RIP David Bowie 1947-2016

Just two days ago, in a list of “Things I like,” in an attempt to be less negative. One of the things I said was that though I’d never really liked all that much of David Bowie’s music, I very much liked knowing that a weirdo like him was still running around doing stuff, and apparently not retired.

And now he’s dead.

Where to start? What to say? So many anecdotes. He was my best friend’s favorite musician for like 30 years. There was the time when a clearly-irritated Miami music critic referred to him as “A Repulsive Future-World Space Queen,” in a review for one of his concerts. (Which, to be fair, is kinda what Bowie was going for, excepting perhaps the “Repulsive” part. I think he thought he was quite fetching.) As a result, I always wanted to name a band “The Repulsive Future-World Space Queens,” though I never quite had the nerve to do it. Sends wrong message. Still a funny name. Maybe I’ll do it now.

And of course my mind drifts to cheap comedy. His real name was “David Jones.” He changed it so as not to be confused with Davey Jones of the Monkees. No, really. (“I want my new name to start with a “B” like the Beatles, and I want it to be some kind of blade, like a “Jagger” is.” Could have been worse. He could have gone through life as “David Butterknife,” I guess.

I don’t know if it’s true or not, but I’ve been told that some early singles were released under his real name. I have a mental image of some happy 15 year old girl going to pick up the new solo album by that guy from the Monkees, and getting Bowie by mistake.
“Oh my Gosh! Davey’s gone crazy! I knew this would happen if he didn’t have Mike there to look after him!” Then she checks the liner notes “Oh, well, here’s the problem – he’s writing his own songs, rather than relying on Neil Diamond like normal!”

I told my kid. He said, “How will we survive without such characters as Ziggie Stardust, and Cobbler Bob, and various others who’s name I don’t know?”

I am genuinely sad. My biggest regret is that he never did more acting. I always appreciated – but frequently didn’t like – his music, but I was always fascinated by his acting. His paintings were pretty good, too, and he was unbelievably funny, and unexpectedly smart.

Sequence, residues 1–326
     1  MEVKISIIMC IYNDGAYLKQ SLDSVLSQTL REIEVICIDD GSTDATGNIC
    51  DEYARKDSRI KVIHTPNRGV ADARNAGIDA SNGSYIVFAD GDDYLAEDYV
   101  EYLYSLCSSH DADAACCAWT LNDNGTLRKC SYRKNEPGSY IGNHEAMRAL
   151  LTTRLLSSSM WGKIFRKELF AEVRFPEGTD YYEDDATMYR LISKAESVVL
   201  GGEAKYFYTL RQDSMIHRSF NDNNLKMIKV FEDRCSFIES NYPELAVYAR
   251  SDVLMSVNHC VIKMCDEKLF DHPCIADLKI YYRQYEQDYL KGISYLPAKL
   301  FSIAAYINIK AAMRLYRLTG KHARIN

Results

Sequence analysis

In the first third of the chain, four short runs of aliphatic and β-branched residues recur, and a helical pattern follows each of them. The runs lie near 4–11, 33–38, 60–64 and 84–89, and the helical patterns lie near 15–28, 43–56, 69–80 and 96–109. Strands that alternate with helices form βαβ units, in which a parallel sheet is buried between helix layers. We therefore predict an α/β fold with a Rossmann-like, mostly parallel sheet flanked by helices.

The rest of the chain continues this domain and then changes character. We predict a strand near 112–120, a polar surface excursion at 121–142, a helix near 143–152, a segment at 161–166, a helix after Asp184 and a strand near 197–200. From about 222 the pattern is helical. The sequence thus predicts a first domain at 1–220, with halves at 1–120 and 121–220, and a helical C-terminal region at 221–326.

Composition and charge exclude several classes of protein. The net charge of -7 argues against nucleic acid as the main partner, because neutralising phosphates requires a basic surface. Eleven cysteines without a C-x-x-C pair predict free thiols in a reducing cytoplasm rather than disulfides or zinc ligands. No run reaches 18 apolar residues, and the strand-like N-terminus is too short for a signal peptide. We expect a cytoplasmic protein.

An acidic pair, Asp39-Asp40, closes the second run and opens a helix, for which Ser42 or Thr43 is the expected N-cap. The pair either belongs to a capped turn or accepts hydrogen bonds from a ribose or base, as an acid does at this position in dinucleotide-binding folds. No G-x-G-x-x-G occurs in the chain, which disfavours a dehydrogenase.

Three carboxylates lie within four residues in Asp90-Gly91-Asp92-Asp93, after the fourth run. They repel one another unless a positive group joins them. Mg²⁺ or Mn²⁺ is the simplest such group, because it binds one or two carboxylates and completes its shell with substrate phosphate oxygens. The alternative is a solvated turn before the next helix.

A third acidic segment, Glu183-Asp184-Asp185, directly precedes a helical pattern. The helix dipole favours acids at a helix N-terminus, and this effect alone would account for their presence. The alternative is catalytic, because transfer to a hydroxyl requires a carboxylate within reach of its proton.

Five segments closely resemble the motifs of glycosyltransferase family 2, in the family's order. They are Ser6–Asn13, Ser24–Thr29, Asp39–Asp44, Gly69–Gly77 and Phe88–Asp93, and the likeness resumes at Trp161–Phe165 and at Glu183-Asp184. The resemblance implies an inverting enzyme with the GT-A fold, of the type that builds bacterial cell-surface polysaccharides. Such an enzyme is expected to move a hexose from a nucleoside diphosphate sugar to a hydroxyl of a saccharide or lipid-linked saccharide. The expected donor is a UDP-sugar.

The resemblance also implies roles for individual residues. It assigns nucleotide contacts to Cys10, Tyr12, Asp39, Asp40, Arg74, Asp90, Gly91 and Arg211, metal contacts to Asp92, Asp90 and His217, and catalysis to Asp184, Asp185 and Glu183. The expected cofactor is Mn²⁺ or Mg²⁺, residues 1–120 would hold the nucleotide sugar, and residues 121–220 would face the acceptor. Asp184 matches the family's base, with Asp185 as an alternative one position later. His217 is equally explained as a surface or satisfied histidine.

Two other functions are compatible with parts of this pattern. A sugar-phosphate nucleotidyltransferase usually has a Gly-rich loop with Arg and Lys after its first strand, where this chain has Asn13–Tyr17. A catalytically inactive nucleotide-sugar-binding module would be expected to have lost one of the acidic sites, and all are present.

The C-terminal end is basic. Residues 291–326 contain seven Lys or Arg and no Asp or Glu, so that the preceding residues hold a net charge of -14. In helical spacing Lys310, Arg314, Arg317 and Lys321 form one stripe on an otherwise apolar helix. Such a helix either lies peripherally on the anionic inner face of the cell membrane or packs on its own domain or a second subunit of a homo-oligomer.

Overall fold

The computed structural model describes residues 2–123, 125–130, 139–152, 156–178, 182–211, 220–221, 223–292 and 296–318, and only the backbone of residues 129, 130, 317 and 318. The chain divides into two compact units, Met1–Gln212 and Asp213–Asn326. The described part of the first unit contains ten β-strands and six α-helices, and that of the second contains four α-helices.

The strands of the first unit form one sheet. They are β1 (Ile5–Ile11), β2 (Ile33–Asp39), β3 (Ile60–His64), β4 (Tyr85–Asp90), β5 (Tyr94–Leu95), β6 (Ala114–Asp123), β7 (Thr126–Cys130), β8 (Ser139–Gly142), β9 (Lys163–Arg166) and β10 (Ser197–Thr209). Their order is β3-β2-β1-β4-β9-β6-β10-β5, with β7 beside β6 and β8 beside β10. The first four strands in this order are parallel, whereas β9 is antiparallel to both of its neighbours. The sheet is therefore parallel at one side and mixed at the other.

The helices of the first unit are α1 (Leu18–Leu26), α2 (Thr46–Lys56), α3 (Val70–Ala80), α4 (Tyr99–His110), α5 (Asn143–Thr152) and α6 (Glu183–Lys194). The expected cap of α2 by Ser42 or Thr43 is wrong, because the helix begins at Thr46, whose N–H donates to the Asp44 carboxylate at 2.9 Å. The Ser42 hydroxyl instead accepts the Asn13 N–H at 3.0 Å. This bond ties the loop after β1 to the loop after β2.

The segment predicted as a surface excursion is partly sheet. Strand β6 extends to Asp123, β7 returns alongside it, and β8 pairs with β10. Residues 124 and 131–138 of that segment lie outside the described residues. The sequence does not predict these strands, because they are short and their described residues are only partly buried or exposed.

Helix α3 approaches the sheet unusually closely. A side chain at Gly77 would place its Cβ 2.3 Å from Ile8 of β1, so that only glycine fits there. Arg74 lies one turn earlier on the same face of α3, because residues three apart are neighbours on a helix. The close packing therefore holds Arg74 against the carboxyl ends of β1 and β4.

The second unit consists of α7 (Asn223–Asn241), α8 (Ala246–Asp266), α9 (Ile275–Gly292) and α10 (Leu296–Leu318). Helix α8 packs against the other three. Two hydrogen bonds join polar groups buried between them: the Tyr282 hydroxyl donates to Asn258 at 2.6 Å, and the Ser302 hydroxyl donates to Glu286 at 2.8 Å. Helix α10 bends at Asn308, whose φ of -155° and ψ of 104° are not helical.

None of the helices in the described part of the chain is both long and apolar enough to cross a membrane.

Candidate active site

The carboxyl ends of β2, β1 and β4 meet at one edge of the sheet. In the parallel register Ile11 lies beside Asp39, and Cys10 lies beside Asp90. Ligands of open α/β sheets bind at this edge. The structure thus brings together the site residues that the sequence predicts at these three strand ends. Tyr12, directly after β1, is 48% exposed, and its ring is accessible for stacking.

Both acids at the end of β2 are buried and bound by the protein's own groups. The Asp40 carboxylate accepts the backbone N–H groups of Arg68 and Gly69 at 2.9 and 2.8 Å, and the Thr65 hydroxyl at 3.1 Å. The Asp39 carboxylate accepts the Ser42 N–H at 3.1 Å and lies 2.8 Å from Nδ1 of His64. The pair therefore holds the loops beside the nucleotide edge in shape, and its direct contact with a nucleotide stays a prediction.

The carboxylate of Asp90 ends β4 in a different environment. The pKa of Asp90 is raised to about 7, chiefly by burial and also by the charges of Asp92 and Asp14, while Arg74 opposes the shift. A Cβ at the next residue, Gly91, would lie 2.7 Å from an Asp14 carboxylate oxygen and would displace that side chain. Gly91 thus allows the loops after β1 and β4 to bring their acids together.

He had a good run, though he didn’t really do much of note after 1990. He seemed to realize this, too, and took like a ten year retirement, rather than release another mediocre album. Recently he put out two new ones, plus an album’s worth of outtakes and B-sides.

A few years ago, I read an interview where he was talking about his weird life, and how it was very laid back and domestic, now, and that he was happily married and raising his kid, and generally just very happy. “My whole life I’ve tried to figure out what I am and who I’m supposed to be, and it turns out that I was supposed to be my dad all along.” [Paraphrased due to my bad memory.”

The very last interview I read with him, the subject of religion came up. He said that every rational thought in his head told him there was no God, and he knew without question that there wasn’t, but that some part of him still suspected that there was. He described himself as a “Hopeful atheist.”

“Well, hopefully in whatever afterlife he ended up in, he’s still running around being a weirdo,” my son said.
“And maybe he’ll finally find out what ‘Station to Station’ was all about,” I said
“Or if he got the bad afterlife, he’s probably annoying the crap out of the devil right now. ‘Stop singing! I have no idea what you’re talking about!'” My son said. We laughed.

So here, at the end, it seems appropriate to me to focus on the beginning. Check out the song below. I’m a man, so obviously it never makes me cry, but I’ll admit it does put a lump in my throat and make my eyes sting a little bit whenever I hear it.

My prayers go out for his soul, and for his family.

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